Interviews with the Energy Community – Cypress Creek Renewable’s Ben Van de Bunt

In 2012, the American Energy Society connected with a Member who had recently joined – Ben Van de Bunt. At the time, as CEO of the direct-response marketing company Guthy-Renker, Ben was exploring the burgeoning renewable energy industry and considering various entry options. In a casual conversation, he suggested that the American Energy Society rely on a data-driven strategy to identify important news and trends across energy sectors.

(The American Energy Society) – In early 2014, Ben became Board Chair of Cypress Creek Renewables, and led a new data-driven strategy to identify and acquire underutilized land on which to build utility-scale solar arrays. The approach showed dividends immediately, as projects in 15 states quickly underwent development.

As 2016 approached conclusion, Cypress Creek issued several announcements that cemented their standing as the nation’s fastest growing solar farm developer. In October, they signed an agreement to acquire Asheville, North Carolina-based solar developer FLS Energy. FLS has an operating portfolio of 350 megawatts and a near-term pipeline of over 600 megawatts of solar projects. In November, they partnered with TriEagle Energy and parent company Crius Energy, to offer affordable solar energy to Texas residents – a state with the largest capacity for solar potential.

To end the year, Cypress Creek announced the completion of its largest utility-scale solar energy facility to date. The project, Innovative Solar 46, the Hope Mills, North Carolina is considered one of the largest solar farms ever built east of the Mississippi river, providing an estimated 78.5 megawatts of clean energy to homes and businesses within the region.

In less than three years, the company has grown from a small, regional operation to becoming a national company with offices across the nation. Cypress Creek now has more than four GW of developed solar, almost $2 billion in CCR committed capital, and participation in more than 200 solar energy generation assets (over $5B). In 2017, the company has set a “build goal” of more than 1 GW of renewable energy capacity.

It turns out, Ben’s early recommendation to rely on a data-driven strategy immensely helped the American Energy Society, as we have grown from 9,000 energy professionals to more than 175,000 engaged Members. Since then, we have added new publications and events, and set an ambitious “build goal” of surpassing 200,000 members in 2017.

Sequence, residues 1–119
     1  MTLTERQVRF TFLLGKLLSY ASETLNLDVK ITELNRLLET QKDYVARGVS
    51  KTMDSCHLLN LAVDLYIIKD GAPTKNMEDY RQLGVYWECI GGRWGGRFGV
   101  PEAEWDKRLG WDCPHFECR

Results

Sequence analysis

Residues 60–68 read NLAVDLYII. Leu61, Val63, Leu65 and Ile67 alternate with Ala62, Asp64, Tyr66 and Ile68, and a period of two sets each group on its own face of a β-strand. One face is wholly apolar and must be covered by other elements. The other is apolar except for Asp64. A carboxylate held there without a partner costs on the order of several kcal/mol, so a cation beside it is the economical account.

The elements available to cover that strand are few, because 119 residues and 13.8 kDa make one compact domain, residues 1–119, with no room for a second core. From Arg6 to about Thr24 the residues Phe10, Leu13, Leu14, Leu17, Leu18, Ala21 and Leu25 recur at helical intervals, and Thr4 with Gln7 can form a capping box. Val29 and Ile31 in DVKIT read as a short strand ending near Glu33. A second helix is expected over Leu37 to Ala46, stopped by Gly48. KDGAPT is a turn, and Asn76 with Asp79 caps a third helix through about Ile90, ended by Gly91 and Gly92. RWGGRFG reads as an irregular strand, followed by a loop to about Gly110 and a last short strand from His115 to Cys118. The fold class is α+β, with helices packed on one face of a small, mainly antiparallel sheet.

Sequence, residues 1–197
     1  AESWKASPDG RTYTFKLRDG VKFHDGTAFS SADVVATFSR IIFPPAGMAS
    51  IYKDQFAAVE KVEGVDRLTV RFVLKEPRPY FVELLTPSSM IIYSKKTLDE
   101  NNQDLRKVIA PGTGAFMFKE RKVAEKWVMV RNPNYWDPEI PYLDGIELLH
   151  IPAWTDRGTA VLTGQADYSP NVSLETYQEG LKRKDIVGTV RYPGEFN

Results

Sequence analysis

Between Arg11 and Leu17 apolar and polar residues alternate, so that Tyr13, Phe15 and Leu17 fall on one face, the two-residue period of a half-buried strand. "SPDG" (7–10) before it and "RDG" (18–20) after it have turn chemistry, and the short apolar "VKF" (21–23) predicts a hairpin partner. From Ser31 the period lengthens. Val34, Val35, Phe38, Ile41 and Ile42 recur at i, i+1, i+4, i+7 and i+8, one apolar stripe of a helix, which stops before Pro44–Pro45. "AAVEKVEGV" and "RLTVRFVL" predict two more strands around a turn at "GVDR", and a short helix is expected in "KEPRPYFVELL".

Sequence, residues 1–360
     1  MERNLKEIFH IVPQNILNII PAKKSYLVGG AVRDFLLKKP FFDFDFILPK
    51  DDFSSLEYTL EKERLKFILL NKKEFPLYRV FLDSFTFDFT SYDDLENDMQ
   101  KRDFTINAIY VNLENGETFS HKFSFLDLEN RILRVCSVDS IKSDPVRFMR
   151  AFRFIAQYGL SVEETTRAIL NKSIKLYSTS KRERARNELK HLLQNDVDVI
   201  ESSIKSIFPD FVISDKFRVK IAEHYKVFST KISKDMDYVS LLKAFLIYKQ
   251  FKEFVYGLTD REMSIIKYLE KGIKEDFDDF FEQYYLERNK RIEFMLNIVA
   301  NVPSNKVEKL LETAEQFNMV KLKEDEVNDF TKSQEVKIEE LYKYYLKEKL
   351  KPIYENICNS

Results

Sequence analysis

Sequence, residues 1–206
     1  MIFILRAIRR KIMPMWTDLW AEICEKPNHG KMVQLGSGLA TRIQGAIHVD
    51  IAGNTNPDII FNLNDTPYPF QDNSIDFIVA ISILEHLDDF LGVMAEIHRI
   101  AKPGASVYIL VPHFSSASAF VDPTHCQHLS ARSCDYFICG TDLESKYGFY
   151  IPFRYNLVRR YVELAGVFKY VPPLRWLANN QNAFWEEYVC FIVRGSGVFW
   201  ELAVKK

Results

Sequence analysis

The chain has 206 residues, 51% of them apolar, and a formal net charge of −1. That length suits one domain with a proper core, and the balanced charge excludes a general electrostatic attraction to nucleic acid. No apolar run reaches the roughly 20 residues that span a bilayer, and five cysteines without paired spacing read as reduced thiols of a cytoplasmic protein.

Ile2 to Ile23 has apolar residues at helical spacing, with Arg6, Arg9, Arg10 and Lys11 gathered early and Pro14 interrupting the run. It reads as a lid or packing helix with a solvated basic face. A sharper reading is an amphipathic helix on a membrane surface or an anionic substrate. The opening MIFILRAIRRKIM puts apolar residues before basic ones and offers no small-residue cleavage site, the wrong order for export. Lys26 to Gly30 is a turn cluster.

Logan Jenkins, a Community Manager for the American Energy Society, recently spoke with Mr. Van de Bunt in regards to the future of Cypress Creek Renewables and their role in renewable energy industry. The following is a truncated version of their conversation.

American Energy Society: Where do you and your team at Cypress Creek see clean energy in America’s energy future?

Ben Van de Bunt: From the 1,000 foot level, to put it simply – don’t dig and don’t burn. At Cypress Creek, we use the power of the sun. Other renewable power sources are more abundant and more prevalent than traditional sources in the fossil fuel industry. The multitude of clean energy solutions here in the U.S. are proving to be more cost-effective, have substantially less impact to the environment, and are creating jobs for people across the nation.

CCR is now one of the largest solar developers in the country. Can you explain from a value standpoint what that means?

On a larger scale, we are helping boost the clean energy industry as a whole. The more solar we can put in the ground, the less reliant we become on fossil fuels and the more job opportunities that are created. This is our “big why?” – our purpose as a company. Our locally-based development strategy allows us to deploy solar where the power is needed most. The more projects we deploy, the better relationship we have with the many teams we work with, as well as the local communities. Our leadership team feels that if carry out our vision, the economics will follow.

How does your recent acquisition of FLS Energy play into this plan?

This acquisition allows Cypress Creek to internally operate throughout the solar energy development process. We can now fully take a project from conception to commissioning with in-house system design, engineering, construction, financing and turnkey project development capabilities. FLS Energy had a substantial portfolio of solar energy assets throughout the U.S. deployed and in development and our collective missions aligned very well.

Is Cypress Creek taking an approach towards energy storage?

We feel energy storage will be a key component of the clean energy industry. Ultimately, we see energy storage as inevitable in the provision of services to grids and certainly adds to our value proposition. Of course, solar energy is a daytime energy – the addition of storage allows for 24/7 use. We have hired a Director of Energy Storage, Brian Knowles, and he works closely with our Finance team in our San Francisco office. Utility-scale solar plus energy storage and finance are very closely aligned.

In what other areas is Cypress offering alternative ways to deliver clean energy?

Put simply, on average, a 1,500 square foot home using coal-generated electricity is responsible for the burning of nearly six tons of coal per year. Most Americans would prefer not to do that. In deregulated states, there are hundreds of thousands of acres of unutilized or underutilized land. If these vast areas can be utilized by solar development, assuming they are within reasonable proximity to the grid, it’s a huge win for the clean energy industry, the economy, and the communities nearby.


The American Energy Society would like to recognize the efforts of Ben for his leadership at Cypress Creek and thank him for his valuable and early advice to the society.

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